Format: Hardcover
Mark Twain often blamed, not without some reason, the onset of the U.S. Civil War on the writings of Sir Walter Scott. Scott's romantic view (Twain called them Scott's enchantments) of war, chivalry, and honor colored southern culture to such an extent that war became inevitable. Any lingering romantic notions about war were put to rest by General William Tecumseh Sherman's march through the south. Sherman's view of war was simple: war is brutal and it must be fought with brutality and overwhelming strength if victory is to be achieved. Sherman's often brutal march through the south forms the centerpiece of E.L. Doctorow's "The March". Both havoc and the `dogs of war' form the underlying background against which the novel's plot plays itself out.

In a recent discussion about "The March" Doctorow stated that he intended to give the book a "Russian feel". In that he has succeeded. The broad canvas painted by Doctorow, a multitude of characters (both real and fictional) who meet, interact, and depart while war is waged all around them does contain stark similarities to Leo Tolstoy, Boris Pasternak, and Vasily Grossman. Doctorow's unique voice and style allows him to impart this "Russian" flavor to a novel about the Civil War without it seeming imitative or derivative. The March is an original and entertaining piece of work.

There are a host of characters in the book. Some, like Sherman, appears throughout. Others, who shall remain nameless, make an impact on the reader and advance the story but suffer untimely fates. As with any war untimely deaths are the rule rather than the exception.
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24 of 25 people found the following review helpful By Justin Mclaughlin on March 19, 2007
Format: Paperback
The March dramatizes Sherman's terrific coup de grace on the Confederacy. The novel weaves together many disparate characters, including a white-skinned slave, an Irish enlisted man, 2 rebel turncoats, a Union doctor, dispossessed plantation owners, a British journalist, a photographer and his protégée, several Union Generals [including Sherman], and a few soldiers who meet their ends along the way.

The book has some outstanding passages about the march itself, how it can be seen as a living organism unto itself, or even a roving civilization. Also, Doctorow has written fine, balanced dialogue; this seems to me an extremely difficult task, but somehow Doctorow has his characters sound exactly right -- not too antiquated or too modern. Add to this the author's obvious assimilation of the historical milieu and you've got the raw materials of a great novel. But, wait ... not quite.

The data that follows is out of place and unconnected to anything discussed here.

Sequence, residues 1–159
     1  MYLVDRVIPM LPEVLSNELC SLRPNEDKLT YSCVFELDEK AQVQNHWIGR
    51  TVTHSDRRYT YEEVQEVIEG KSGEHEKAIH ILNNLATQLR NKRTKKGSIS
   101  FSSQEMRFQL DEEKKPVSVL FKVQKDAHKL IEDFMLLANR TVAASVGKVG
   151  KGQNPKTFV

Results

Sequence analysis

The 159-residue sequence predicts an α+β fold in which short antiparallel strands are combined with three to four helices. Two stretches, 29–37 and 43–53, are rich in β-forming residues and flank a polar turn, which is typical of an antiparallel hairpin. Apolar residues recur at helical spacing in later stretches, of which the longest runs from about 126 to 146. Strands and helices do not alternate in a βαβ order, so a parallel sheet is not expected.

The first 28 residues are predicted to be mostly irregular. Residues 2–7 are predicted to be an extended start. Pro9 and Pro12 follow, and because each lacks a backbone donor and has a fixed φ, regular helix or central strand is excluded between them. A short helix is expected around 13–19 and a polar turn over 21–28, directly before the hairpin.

Perhaps the book's greatest shortcoming was intended to be its greatest strength: the vast array of characters. Although we can see why they are there [to present unique perspectives to better understand the great events], they are not given enough space to fully, deeply flourish. Another problem is that the narrator's omnipotence bleeds into the characters, making them at times seem less characters and more representations of historical forces. Thus the reason for writing a novel, instead of a history, is lost. It seems to me that fiction should allow us complete entry into another time and place, with all the prejudices and limitations of that experience. This novel never does that. Instead the reader feels "taught" the material, and is always aware of the distance between when the book is written and the events taking place within it.
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20 of 21 people found the following review helpful By Mary Whipple HALL OF FAMETOP 500 REVIEWER on September 24, 2005
Format: Hardcover
When the huge Union Army of General William Tecumseh Sherman burned its way from Atlanta to the Carolinas in 1864 - 1865, it was accompanied by a motley group of freed slaves, entrepreneurs, the dispossessed wives and children of landowners, and even a few turncoats, all of whom saw this army as their protection from the hostile unknown. E. L. Doctorow, in his absorbing novel about this march, focuses on the marchers themselves--their varied interests, conflicts, fears, and goals--creating a powerful and panoramic vision of how civilians, as well as soldiers, responded to the devastation of this terrible war.

Through a series of dramatic vignettes, Doctorow reveals the characters' family lives and stimulates reader interest. Mattie Jameson, the wife of a cruel slaveowner, has closed her eyes to the horrors of slavery, but when her estate is burned, her husband killed, and her 14- and 15-year-old sons conscripted to fight for the Confederacy, she has nowhere else to go. Pearl, whom Mattie describes as "that horrible child," is the mulatto child of her husband John Jameson and one of his slaves, and Pearl, too, becomes a marcher, disguised at a drummer boy.

Emily Thompson, the elegant daughter of a Georgia Supreme Court Justice, helps Dr. Wrede Sartorius, a Union regimental surgeon, renowned "for removing a leg in twelve seconds [without anesthesia]. An arm took only nine." Two turncoats, the devious Arly and the naïve Will, serve as the primary comic relief, opportunistically trading uniforms to suit their circumstances.

Real people mix with fictional characters, giving life to the narrative and a sense of immediacy to the action.